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Americas Cup: Emirates Team New Zealand is first team to set up for AC36

by Richard Gladwell, Sail-World.com/nz 11 Oct 2018 01:41 PDT
Emirates Team New Zealand's new base having repairs and alterations undertaken last week © Richard Gladwell

Emirates Team New Zealand has started the shift from the concrete bunker which served as an oil storage facility administration office, to the glass palace, which dominates the Viaduct harbour, with its distinctive roof and otherwise known as the Viaduct Events Centre.

A week or so ago the VEC was hosting the Auckland On the Water Boat Show, and what is now covered with desks and partitions was filled with shows stands, including ours at Sail-World.

It was also the focal point for the Volvo Ocean Race, housing The Boatyard, with the Volvo Ocean race fleet parked outside either on the hard stand or in a specially constructed marina.

The bunker and its attendant container walled tent city was spartan, and few if any professional sports teams would have worked under such conditions, let alone made the comeback from the 11-8 win result, and the devastating final week of the 2013 America's Cup in San Francisco.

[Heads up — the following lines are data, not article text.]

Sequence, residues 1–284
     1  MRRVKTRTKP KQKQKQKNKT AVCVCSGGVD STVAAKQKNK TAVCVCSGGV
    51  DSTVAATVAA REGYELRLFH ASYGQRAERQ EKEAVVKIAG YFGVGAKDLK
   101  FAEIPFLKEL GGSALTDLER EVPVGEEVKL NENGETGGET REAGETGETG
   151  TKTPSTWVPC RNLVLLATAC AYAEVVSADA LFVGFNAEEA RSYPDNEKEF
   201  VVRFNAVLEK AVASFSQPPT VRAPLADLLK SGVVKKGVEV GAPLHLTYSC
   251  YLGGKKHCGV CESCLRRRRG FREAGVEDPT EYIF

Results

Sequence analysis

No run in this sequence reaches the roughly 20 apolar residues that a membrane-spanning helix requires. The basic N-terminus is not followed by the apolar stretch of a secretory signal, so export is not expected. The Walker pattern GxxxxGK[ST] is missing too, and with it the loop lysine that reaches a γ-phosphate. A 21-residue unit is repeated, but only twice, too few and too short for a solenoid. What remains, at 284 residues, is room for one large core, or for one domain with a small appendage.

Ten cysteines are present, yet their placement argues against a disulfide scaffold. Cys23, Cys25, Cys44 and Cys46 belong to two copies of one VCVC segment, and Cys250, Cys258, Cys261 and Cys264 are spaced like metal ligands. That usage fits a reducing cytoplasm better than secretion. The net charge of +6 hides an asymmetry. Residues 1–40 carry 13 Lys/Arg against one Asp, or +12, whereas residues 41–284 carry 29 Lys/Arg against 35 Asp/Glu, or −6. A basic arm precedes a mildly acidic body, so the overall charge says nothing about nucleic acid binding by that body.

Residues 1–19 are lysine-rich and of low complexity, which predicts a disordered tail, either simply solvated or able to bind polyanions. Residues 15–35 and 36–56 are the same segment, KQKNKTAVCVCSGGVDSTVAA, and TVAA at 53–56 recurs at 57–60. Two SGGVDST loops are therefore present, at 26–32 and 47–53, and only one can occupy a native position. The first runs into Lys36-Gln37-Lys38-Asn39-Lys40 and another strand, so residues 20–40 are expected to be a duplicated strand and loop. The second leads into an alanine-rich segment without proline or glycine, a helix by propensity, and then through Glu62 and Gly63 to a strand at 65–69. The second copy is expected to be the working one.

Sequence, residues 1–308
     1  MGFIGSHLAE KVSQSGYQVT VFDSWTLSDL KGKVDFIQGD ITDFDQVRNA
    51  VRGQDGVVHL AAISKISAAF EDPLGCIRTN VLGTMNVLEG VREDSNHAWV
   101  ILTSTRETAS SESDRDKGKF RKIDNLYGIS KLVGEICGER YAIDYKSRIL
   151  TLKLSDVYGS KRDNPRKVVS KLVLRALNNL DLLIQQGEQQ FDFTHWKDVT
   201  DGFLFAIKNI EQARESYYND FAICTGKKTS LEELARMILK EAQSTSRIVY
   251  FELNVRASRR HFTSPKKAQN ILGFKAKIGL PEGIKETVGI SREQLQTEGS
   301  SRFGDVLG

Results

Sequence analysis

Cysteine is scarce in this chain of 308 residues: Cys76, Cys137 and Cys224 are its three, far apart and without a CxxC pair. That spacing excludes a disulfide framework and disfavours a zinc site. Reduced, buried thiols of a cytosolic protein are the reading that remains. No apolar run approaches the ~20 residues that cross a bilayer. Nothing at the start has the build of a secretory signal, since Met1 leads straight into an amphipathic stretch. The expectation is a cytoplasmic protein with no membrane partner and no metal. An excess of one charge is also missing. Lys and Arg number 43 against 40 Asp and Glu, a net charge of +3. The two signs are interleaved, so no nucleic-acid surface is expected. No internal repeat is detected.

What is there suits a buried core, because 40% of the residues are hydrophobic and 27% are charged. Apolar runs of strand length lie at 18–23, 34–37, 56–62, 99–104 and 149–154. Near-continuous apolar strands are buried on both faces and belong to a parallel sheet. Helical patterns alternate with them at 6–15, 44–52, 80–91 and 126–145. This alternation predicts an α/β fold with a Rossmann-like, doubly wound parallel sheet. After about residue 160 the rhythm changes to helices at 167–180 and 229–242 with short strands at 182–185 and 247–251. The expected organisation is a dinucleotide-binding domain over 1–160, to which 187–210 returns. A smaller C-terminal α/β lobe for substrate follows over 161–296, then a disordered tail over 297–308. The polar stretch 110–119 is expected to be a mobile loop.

The key to the shift to the new building is to retain the Team Tough culture that has got the team out of some very difficult situations over the past few years. Now they are in the most salubrious team base in America's Cup history.

Oddly enough the acquisition of the swank VEC by the team was the result of desperate 11th hour cost cutting to stop the team giving up on its dream of hosting the 36th America's Cup in Auckland and instead taking the event to the alternate venue in Italy. The VEC was originally planned to be used as a media centre and international broadcast centre for the event, and those plans have had to be reworked to arrange other premises.

Ironically under most of the eight plans developed for the hosting of the 36th America's Cup, Emirates Team New Zealand was the last of the teams to move into its allocated base. Under one scenario for base delivery, the Defender would have launched both its AC75's before it received its new base area. It didn't have the depth of water off its former base to even float an AC75, and clearly they were on a hiding to nowhere. Now it is has got a jump of 12 months plus on the Challengers.

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